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How to make a tennis champion, according to Sharapova's former coach



The moment Maria Sharapova stepped on the court, coach Gabe Jaramillo could tell she was special. At the time, the future No.1 tennis player was only nine years old but already exhibited rare qualities one couldn't find among her peers, the renowned tennis coach and motivational speaker told CGTN during an interview last month.

"Gabe, what am I supposed to accomplish today? What am I here for today? What am I working on?" Sharapova asked with excitement when they first met, recalled Jaramillo as he recalled memories with noticeable enjoyment. What really set her apart, however, was the incredible level of focus on achieving really big goals.

Sharapova was 13 when she competed in the Orange Balls, one of the biggest junior tournaments in the world, against French prodigy Marion Bartoli. After she lost the match, Jaramillo asked her to work on her serve which he believed led to her defeat. But instead of focusing on Bartoli, the young Sharapova had only one person on her radar – Serena Williams, world No. 1 player at the time .

"She'd played that match in her mind for at least five years. Every time she trained, in her mind she was playing against Serena Williams," Jaramillo said. "So, when she played at 18 years old, when she played Wimbledon, she beat Serena."

During his career, Jaramillo coached 11 world champions and 27 Top 10 tennis players including Jim Courier, Andre Grassi, Kei Nishikori and almost all of them show similar tenacity, resilience and drive, he said during the interview, which was held during the launch of the Chinese language edition of his latest book "How to Make Champions" published by CITIC Press Group.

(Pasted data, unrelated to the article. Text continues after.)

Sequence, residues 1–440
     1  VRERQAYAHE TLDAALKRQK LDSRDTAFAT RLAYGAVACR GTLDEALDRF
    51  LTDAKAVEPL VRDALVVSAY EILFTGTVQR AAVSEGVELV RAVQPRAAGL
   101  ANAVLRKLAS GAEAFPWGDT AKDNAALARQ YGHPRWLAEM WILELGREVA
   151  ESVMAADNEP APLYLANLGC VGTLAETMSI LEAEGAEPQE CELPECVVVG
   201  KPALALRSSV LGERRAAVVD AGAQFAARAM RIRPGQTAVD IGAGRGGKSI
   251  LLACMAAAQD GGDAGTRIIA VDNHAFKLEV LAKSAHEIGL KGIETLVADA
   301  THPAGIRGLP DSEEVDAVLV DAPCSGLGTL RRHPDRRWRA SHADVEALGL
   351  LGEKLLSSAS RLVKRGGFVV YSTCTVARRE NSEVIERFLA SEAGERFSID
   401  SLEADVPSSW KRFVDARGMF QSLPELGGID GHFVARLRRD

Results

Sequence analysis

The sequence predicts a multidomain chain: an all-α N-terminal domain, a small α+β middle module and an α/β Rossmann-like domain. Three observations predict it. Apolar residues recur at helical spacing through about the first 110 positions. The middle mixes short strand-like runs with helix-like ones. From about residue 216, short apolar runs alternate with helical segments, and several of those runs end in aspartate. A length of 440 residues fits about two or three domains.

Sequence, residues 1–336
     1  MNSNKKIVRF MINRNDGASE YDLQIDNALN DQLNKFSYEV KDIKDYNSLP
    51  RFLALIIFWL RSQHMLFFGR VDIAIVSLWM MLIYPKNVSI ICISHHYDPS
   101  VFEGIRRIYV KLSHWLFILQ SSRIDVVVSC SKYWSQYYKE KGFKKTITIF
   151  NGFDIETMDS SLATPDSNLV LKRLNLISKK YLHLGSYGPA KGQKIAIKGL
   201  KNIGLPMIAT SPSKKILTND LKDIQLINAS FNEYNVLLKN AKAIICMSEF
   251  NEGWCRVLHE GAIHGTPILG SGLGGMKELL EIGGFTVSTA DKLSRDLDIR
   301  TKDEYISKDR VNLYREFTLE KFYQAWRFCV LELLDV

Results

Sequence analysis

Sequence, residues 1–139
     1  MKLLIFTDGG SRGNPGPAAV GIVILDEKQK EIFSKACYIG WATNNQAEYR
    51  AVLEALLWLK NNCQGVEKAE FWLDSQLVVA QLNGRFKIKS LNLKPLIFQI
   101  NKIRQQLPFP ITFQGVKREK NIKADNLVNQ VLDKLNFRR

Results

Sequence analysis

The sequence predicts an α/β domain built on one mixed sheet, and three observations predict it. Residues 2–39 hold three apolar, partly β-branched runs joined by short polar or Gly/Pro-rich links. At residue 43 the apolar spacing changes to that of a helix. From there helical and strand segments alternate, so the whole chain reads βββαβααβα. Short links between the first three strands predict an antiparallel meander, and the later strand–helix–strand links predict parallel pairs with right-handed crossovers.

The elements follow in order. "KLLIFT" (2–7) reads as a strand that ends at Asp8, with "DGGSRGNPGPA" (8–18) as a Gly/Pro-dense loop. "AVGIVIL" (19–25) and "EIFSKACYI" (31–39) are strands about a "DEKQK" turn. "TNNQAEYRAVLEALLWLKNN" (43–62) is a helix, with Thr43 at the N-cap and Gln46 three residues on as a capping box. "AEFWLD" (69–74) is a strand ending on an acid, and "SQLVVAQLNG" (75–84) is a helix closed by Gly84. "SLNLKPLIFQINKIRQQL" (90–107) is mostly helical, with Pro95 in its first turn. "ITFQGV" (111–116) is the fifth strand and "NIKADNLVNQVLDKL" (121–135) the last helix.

In the book and the interview, Jaramillo repeatedly emphasized the importance of having the correct attitude for professional athletes both on and off the court. To him, attitude is like gasoline. A person can have the best vehicle in the world, but without gasoline failure is inevitable. For example, elite-level athletes tend not to fret over losses and can quickly focus their attention on the next match, he said.

Oftentimes, people tend to mix up talent and potential in the development of athletes when they are two very different things, according to Jaramillo. Talent has to do with genetics and is generally easier to recognize, such as height, coordination and physical strength. It also consists of cognitive abilities – seeing and anticipating the opponent's movement. But potential is trickier because it's intangible.

"Potential is how hard do they want to work? How much do they want it? How much do they love the game? Do they play without fear? And the list is long. And the thing is, if they miss just one of those, they won't make it. They have to be able to do it, to be able to achieve," Jaramillo said.

In 2003, the Japan Tennis Association invited Jaramillo to choose a promising young player to bring back to the U.S. for training. Out of all the candidates, he picked the least favored: Kei Nishikori.

According to Jaramillo, Nishikori possessed a key attribute of champions. While other players played conservatively under pressure, opting for safe shots and high returns, Nishikori exhibited bravery and resilience, showing no fear despite the intensity of the competition.

This quality convinced Jaramillo of Nishikori's potential as a true athlete. Training and building the mentality of a professional athlete can also help people in daily life, he said.

"If you think about all this stuff we have talked about, especially the mental part, the attitude, their brand – it will help a child, it will help a businessman, it will help a lawyer, it will help anybody," Jaramillo said.

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